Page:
What was more interesting was that in these three cases, the movies didn't feel like movies.  They felt like promotional films for the actors, the kind of things an agent would show to a producer. "Here's how Vin Diesel, action star, can be versatile and do comedy. Hire him for your next film!"

Let me say that there were things about all three films that were enjoyable.   They were well-paced, the stars were agreeable, the jokes were funny, and it was clear that everyone involved was trying to make a nice, professional product.   I had a pleasant time watching them.   I guess that's nice in the same way that it is comforting to eat at McDonalds--you know exactly what you're going to get, no matter which McDonalds you go to, and to be honest it also tastes pretty good too.   But you can't eat there all the time.   (There was a movie about that.)

All three films were successful at the box office.   So I wonder what's going to happen to our comedies in coming years.  Since the films were successes, someone out there is finding more to like in them than I am.   And since there aren't a whole bunch of people like me (though I saw the films too), and Hollywood being what it is, you know there are going to more films just like these.   Just think of all the action film stars out there, who aren't getting any younger, and who'd love to appear in a successful family comedy.  (Steven Seagal as a pediatrician!   The jokes just write themselves, literally.)   I suppose, by filing off the rough edges, you can appeal to far more people.   Some pop music is like that as well; it's a pleasant noise that (for me) passes through the ears without engaging anything.   It's not offensive or boring, it's just kind of there.   If you pay attention at all, it's kind of nice--if you pay attention.  If not, you're not really missing anything.  All the elements have been assembled, and skillfully so; the work just lacks a compelling reason for existing.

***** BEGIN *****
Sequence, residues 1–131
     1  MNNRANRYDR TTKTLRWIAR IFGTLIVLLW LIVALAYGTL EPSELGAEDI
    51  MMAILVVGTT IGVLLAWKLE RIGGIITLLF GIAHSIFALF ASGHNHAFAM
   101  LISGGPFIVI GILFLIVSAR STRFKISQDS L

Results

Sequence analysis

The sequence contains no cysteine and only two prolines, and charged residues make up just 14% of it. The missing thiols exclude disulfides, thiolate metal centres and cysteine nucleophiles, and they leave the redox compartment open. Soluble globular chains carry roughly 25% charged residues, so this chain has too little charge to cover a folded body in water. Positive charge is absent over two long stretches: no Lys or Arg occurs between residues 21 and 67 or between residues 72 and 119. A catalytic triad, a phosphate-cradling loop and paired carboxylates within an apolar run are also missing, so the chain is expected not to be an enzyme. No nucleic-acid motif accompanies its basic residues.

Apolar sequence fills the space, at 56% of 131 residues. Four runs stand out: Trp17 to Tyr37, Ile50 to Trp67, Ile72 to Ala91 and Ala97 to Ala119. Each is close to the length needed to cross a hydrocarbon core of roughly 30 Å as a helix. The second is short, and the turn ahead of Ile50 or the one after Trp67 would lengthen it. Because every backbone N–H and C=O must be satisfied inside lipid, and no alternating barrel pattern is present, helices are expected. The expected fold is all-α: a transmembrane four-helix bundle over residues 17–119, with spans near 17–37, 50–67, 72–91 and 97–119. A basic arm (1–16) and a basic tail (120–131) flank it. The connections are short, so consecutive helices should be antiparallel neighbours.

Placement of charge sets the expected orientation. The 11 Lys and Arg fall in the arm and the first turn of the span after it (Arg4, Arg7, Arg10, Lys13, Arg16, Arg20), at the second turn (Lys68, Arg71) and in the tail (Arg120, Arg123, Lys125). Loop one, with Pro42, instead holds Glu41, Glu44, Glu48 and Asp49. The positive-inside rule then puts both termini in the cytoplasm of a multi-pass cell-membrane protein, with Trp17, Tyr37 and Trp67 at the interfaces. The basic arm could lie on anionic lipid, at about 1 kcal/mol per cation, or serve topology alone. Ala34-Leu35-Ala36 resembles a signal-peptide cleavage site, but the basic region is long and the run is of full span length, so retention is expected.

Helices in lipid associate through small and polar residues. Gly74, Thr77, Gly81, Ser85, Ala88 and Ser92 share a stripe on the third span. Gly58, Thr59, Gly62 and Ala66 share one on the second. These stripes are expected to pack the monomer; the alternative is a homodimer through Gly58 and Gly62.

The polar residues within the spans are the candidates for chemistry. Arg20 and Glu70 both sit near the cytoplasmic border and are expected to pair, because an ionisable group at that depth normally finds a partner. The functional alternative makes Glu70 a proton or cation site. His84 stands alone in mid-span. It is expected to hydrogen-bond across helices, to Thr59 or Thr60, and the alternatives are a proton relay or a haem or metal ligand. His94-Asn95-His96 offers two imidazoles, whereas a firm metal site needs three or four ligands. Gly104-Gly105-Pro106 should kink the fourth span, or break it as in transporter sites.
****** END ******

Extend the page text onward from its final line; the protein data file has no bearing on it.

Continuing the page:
Art needs, I think, some jarring elements in it that engage the senses and thus, the imagination. I recall an interview with John Lennon, where he talked about the genesis of the song "I Want to Hold Your Hand." He sang the first line, and Paul McCartney responded with the riff that makes the song identifiable. "Do that again!" Lennon said. He knew the value of the unexpected, of the next unknown step that turned noise into song.

That's the difference between a song and a alarm siren. The former is trying to start a conversation, the latter is just an undifferentiated warning.

So it is with these three comedies from 2005. What the warning might be, I don't know.

July 26, 2005